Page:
The most salient parts for me were, not unsurprisingly, the detailed descriptions of campus life at Wellington, the fictional liberal arts college which most observers say is modelled after the author's stay at Harvard during the 2002-2003 academic year. The faculty meetings, the internal musings of the students (and the faculty) on the first day of class, the psychology of the Dean were resoundingly accurate, to me. A bonus feature was the West Indian background of some of the main characters. Since I was born in the West Indies myself, and very rarely see diasporic portrayals of Blackness in the fiction I read, this was a special treat. I think the last Caribbean-inflected novel I read was by Nalo Hopkinson. If any of the MadProfessah audience has suggestions for other Black/West Indian/Caribbean novels please don't hesitate to suggest them to me!
The plot of the book follows the unravelling of the family life of the patriarch and art history professor Howard Belsey in the aftermath of his recent unfaithfulness to his wife Kiki Belsey. Howard is tall, white and thin; Kiki is short, black and fat. They have two off-spring: Zora, 18 and attending Howard's place of employ ("Wellington") and Levi, 16. As with most of Smith's work, the socio-cultural ramifications of race and ethnicity centered around the specific experience of multiracial and multicultural actors (characters, in a literary context) are the real raison d'etre of the book. Some critics diss Zadie Smith's ability to tell a decent story--she's really more interested in exploring the ideas emanating from and implicated in her characters' plights--but I kept reading the book, fueled by curiosity as to what would happen to these characters. The end is a bit sudden and oblique, but doesn't detract from the sense of satisfaction of having spent a good deal of time with characters that you now feel intimately connected to --and that, after all, is the best one can hope for when one picks up a book. "Phew, I did not waste my time reading this book."
Wednesday, September 13, 2006
Dashing the hopes of Mad Professah and others for an all-Black male United States Senate race, U.S. Rep Benjamin Cardin has apparently edged out former U.S. Rep Kweisi Mfume for the Democratic nomination for the United States Senate in Maryland by less than 25, 000 votes out of nearly half a million cast in a crowded field of sixteen hopefuls to replace retiring Senator Paul Sarbanes. Cardin will now face Maryland Lt. Gov. Michael Steele, a conservative right-wing ideologue in the mold of Ohio Secretary of State R. Kenneth Blackwell and Pennsylvanian Gubernatorial candidate Lynn Swann on the November 7th ballot. Mad Professah encourages the substantial African American community to vote for Cardin! In addition to the Senate race, Maryland had the opportunity to nominate (and in all practical purposes elect) the Nation's First Every Black Gay State Representatives yesterday. According to The Victory Fund, both candidates Anthony McCarthy and Mary Washington failed to place in the top 3 of their respective districts. Looks like we'll have to wait a little longer to reach that milestone.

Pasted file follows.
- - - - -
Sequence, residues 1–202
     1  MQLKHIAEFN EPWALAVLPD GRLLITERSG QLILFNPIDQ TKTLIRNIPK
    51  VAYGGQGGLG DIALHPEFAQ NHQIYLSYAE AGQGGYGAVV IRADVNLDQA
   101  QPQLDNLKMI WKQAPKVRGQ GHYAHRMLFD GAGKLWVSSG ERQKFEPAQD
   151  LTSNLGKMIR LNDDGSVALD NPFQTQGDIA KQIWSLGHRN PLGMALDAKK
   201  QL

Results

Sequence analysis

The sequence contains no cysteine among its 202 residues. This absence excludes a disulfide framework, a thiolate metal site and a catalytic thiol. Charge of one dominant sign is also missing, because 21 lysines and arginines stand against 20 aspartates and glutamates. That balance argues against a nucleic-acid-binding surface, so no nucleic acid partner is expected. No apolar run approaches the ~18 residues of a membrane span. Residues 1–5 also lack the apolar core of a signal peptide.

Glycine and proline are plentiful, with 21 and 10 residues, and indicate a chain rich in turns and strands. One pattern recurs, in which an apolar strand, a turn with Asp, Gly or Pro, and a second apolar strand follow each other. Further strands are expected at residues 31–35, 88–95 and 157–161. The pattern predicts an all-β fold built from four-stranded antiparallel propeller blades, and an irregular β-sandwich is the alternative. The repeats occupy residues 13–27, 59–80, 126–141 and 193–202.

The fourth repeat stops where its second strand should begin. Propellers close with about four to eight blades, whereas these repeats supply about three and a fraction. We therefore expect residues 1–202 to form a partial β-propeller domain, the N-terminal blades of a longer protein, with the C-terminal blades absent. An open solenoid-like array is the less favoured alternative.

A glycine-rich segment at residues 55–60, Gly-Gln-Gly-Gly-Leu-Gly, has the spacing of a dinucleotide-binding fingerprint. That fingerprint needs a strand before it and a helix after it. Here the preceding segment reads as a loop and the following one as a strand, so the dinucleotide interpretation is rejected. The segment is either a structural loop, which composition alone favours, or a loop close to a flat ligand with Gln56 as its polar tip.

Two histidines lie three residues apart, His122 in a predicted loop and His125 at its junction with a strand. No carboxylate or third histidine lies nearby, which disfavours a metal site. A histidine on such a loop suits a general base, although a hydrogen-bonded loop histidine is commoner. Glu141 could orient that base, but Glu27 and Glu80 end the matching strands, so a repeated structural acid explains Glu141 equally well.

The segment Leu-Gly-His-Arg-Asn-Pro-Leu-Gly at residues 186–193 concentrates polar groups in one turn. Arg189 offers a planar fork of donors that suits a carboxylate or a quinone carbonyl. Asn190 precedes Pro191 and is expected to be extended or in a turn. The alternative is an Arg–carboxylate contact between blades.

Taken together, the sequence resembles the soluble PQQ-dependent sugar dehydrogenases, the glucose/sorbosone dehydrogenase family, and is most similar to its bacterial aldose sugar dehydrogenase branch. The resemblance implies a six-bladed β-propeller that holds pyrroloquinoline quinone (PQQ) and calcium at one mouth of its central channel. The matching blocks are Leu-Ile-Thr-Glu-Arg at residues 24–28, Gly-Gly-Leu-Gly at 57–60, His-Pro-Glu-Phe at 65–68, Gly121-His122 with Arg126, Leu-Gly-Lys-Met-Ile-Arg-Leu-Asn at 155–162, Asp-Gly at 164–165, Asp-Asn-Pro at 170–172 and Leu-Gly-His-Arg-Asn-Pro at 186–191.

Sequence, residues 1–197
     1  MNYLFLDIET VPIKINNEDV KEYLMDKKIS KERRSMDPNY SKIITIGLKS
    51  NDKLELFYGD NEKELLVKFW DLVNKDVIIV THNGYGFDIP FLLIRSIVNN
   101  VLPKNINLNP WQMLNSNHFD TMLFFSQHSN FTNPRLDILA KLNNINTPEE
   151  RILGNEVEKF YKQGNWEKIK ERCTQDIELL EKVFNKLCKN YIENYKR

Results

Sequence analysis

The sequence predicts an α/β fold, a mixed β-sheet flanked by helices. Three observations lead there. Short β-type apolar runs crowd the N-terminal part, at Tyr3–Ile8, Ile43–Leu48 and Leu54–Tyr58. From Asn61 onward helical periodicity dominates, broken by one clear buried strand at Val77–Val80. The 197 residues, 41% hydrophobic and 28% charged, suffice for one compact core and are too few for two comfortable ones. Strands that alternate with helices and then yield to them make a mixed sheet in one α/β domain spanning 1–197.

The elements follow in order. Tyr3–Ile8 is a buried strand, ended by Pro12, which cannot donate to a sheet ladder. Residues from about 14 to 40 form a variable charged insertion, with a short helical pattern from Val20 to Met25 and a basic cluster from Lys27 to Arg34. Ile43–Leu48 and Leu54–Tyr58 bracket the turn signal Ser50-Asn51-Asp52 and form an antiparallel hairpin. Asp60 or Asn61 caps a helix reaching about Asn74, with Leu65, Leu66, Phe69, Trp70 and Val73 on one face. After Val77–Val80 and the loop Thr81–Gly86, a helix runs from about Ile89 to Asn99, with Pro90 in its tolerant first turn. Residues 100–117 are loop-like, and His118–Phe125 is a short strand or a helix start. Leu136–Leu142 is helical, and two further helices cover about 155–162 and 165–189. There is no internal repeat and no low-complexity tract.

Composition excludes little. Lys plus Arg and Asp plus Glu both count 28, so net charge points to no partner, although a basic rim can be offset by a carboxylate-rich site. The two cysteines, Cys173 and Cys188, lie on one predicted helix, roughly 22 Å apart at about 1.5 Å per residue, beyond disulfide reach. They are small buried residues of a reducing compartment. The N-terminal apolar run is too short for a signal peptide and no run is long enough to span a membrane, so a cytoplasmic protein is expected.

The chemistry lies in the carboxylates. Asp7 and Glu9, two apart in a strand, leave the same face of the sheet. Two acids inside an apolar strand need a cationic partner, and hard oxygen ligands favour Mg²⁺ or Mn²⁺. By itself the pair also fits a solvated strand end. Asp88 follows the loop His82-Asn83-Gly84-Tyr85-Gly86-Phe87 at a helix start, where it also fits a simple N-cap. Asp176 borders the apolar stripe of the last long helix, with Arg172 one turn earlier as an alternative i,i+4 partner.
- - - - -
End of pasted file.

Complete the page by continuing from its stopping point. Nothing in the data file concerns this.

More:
Brooklyn, New York
In the hotly contested Democratic primary to replace retiring U.S. Rep. Major Owens in the Flatbush/Crown Heights/Park Slope section of Brooklyn, Jamaican-American City councilwoman Yvette Clarke beat Jewish City councilman David Yassky 31.2 to 26.2 percent despite being significantly out fundraised in the race. Yvette Clarke is the daughter of Una Clarke, the first Caribbean-born woman to serve on the New York City council. The 11th Cnogressional district of New York was once represented by Shirley Chisholm, the first Black woman to run for President of the United States and was originally created after the passage of the Voting Rights Act in 1965 to increase minority participation in representative government. The district, which once was almost three-quarters Black (with a large percentage of Caribbean/West Indian immigrants) has been redistricted to include more White voters from gentrified sections of Brooklyn like Park Slope, Cobble Hill and Brooklyn Heights with the results that nearly 21% of the residents are White and only 58% are Black. Clarke beat out the retiring officeholder's son Chris Owens (who placed fourth) along with a popular State Senator who represents significant portions of the district and the well-funded Yassky to win the political dogfight which gained national notoriety for the racial politics involved.